Posted October 2nd, 2013 at 9:50 pmComments Closed
NUCLEAR ZEN – KEIBO OIWA
Keibo Oiwa is a cultural anthropologist, author, translator, environmental activist and public speaker. He lived in North America for sixteen years and holds a Ph.D. in Anthropology from Cornell University. Since 1992, he has taught in the International Studies Department of Meiji Gakuin University in Yokohama.
Being a founder of the “Sloth Club”, an ecology and “Slow Life” Non-Governmental Organization (NGO), he is giving lectures and workshops on social and environmental issues. Oiwa is the author or editor of over 20 books. He lives in Yokohama with his family.
Radioactivity – the very word awakens a multitude of controversial thoughts and emotions in us. From the hazards of nuclear power plants, the fall-out from atomic bombs, the irradiation of food and the issue of nuclear waste disposal on the one hand to treatments for cancer and medical applications on the other. From its avantgardistic discovery in the 19th century with the promise of mankind’s reign over all matter to it’s applications and disasters of the 20th century, radioactivity has become one of the most controversial and feared words of the 21st century, a byword for suspicion, protest and danger.
Still, radioactivity is natural and universal. All the building blocks and elements of nature were created in supernovae and suns powered by nuclear forces. Without the light of the sun, life would probably not exist. On the other hand, human created elements like plutonium do not naturally occur in nature and are unknown to the life forms on Earth, therefore leaving them almost no chance for adaption.
On the one hand the atomic age reveals our massive dependency on energy, on the other hand it’s inner workings and origins remain widely unknown. Most of us profit from nuclear power somehow, but tend to forget or neglect it’s existence and operation, leaving it in the hands of a few experts, governments and international organizations. The ecological, economical, scientific, social and political dependencies have grown too complex. Not to mention any military aspects of nuclear power.
A reason for this may partially be the complex underlying theory and the quantitative scientific language that transports and establishes the nuclear mindset: the language of measurement, probability, threshold and quantity. Many aspects concerning the quality of the nuclear age remain inexpressible using scientific language. We are in fact lacking the means to culturally comprehend the complexities of the atomic age. We do not even have words to describe it.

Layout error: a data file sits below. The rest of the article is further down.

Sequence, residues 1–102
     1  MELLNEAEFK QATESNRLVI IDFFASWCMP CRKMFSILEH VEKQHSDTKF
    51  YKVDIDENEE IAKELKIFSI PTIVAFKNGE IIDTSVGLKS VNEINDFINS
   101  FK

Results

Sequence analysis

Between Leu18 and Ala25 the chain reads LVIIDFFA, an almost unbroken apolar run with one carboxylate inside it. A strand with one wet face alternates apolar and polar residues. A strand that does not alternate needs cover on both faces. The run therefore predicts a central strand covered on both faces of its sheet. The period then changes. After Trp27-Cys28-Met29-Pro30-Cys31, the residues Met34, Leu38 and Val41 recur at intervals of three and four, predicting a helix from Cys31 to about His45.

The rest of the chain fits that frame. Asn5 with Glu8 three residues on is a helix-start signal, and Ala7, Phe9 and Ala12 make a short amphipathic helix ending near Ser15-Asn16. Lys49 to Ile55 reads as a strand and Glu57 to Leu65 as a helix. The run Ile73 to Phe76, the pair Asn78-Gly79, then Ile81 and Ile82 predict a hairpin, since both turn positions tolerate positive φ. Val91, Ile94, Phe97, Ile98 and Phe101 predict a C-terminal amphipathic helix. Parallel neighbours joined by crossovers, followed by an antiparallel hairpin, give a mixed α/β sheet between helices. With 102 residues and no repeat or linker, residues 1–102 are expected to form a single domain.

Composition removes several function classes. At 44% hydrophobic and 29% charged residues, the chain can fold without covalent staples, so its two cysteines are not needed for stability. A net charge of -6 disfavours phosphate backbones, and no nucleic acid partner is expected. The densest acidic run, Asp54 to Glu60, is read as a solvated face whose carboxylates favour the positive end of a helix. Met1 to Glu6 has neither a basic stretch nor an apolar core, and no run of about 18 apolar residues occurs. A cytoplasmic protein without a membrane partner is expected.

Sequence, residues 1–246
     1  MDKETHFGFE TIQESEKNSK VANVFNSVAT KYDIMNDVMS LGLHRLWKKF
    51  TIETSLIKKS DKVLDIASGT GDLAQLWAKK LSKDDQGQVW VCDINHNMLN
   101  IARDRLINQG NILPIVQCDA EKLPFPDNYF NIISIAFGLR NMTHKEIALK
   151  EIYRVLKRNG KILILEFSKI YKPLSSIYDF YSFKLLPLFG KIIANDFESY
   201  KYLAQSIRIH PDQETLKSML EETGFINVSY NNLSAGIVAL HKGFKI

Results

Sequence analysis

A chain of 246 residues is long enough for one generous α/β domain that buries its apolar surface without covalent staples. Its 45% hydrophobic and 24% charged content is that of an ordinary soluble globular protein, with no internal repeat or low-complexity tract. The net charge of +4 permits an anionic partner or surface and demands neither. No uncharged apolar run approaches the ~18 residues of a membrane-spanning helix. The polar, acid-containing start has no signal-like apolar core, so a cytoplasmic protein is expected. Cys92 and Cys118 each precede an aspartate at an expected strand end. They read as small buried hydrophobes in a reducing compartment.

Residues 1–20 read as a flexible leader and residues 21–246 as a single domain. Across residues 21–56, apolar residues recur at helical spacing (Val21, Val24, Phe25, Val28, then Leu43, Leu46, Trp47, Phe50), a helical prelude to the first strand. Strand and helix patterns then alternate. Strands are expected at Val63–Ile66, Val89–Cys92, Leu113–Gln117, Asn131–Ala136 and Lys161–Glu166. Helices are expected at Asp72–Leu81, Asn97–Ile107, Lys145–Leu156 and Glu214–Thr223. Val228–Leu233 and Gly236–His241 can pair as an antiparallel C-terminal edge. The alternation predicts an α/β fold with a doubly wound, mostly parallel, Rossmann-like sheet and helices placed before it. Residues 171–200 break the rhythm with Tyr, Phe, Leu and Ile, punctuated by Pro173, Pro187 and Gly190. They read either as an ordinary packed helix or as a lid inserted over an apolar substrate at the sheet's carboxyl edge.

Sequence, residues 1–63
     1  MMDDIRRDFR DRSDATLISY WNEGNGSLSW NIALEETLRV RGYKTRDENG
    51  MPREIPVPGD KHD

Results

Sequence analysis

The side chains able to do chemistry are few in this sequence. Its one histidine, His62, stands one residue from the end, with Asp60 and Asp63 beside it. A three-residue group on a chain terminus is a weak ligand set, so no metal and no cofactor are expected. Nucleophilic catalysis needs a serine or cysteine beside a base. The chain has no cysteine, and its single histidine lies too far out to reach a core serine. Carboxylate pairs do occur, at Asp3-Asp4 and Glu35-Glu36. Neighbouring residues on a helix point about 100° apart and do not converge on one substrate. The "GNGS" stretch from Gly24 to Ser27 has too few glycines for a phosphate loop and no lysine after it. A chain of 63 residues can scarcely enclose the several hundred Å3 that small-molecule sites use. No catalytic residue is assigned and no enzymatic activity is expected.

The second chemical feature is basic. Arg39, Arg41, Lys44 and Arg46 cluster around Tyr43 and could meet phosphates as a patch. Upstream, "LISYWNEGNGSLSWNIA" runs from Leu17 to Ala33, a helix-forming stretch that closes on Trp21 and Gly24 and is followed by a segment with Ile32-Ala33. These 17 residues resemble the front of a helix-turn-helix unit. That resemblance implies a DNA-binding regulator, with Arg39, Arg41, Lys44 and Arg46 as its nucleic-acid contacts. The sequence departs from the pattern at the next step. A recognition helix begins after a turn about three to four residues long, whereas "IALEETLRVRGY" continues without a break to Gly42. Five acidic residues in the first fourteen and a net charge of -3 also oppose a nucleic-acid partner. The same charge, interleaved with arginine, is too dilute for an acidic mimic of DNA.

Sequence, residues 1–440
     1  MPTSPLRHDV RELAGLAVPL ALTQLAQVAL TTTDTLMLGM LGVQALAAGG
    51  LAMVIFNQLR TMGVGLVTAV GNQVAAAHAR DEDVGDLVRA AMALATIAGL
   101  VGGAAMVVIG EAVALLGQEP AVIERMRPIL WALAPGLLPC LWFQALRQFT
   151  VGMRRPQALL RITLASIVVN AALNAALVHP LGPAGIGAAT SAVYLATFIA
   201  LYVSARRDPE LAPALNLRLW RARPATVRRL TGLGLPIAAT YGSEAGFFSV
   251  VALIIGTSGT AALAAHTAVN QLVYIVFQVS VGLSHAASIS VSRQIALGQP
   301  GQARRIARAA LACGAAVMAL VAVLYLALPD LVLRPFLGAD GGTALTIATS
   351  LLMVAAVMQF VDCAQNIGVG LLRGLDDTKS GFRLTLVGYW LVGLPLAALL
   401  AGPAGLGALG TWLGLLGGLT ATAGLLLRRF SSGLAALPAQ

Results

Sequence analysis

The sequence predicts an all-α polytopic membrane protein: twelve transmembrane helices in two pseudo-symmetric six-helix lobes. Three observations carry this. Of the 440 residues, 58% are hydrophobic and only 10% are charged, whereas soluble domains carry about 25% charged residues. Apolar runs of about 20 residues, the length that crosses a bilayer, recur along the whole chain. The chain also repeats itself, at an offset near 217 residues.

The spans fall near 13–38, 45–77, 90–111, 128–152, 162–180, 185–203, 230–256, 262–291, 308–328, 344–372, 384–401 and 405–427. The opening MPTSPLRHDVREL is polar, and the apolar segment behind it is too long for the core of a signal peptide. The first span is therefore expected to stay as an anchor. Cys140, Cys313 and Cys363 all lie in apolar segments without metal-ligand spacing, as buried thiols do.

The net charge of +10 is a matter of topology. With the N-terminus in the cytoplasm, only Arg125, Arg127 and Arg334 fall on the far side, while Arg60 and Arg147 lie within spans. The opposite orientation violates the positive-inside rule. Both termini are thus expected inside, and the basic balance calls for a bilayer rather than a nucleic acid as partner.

Even Robert Oppenheimer quotes the religious Hindu scripture Bhagavad Gita as he witnesses the first nuclear bomb flash in the year 1945 at the Trinity site in the desert sands of Alamogordo, New Mexico, incapable to describe the light of the nuclear sun with the scientific language that created it:
If the radiance of a thousand suns
were to burst into the sky,
that would be like
the splendor of the Mighty One.
I am become Death, the shatterer of Worlds.
Radioactivity has become part of our long-term cultural memory: a column of society expressing once more the human fascination for fire, the Promethean gift.
We met Keibo Oiwa at the Exhibition & Discussion “Possible Water” in Tokyo, July 2012 and invited him for a reflection and analysis of the events following the disaster of Fukushima Daiichi. The interview for the episode “NUCLEAR ZEN” was hosted by Mihoko Tanno and Raimund Wördemann at the Goethe Institut Tokyo.
“NUCLEAR ZEN” is part of “1001 SUNS”, a documentary essay exploring the controversial qualities and quantities of the nuclear age. It will be released to the public on a variety of platforms including a cinematic documentary, a web documentary, an interactive installation, a book and a series of lectures. The project started in the year 2001 and is currently in production.
Like the famous collection of Asian stories and folk tales “One Thousand and One Nights”, our documentary 1001 SUNS can be seen as a compilation and map of stories, facts, life lines and personal views, all exploring the mysterious nature and gravity of the atomic sun.
The next milestone will be the release as an interactive algorithmic installation at the Zentrum für Kunst und Medientechnologie (ZKM) Karlsruhe, Germany in fall 2014.
Produced and directed by Mik Saup & Andreas Erhart.
Hosted by the Museo Nacional de Bellas Artes, Santiago de Chile.
Autonomy reflects the human ability to function proactively and creatively in the social context, evoking the need for coordinated interaction with other living beings. The concept is installed at a sensitive time for politics in Chile, to develop prior to the presidential and parliamentary elections, where the concept of participation is present with power in the social fabric.
Curatorial Statement – Autonomía
11 Media Arts Biennale – Santiago de Chile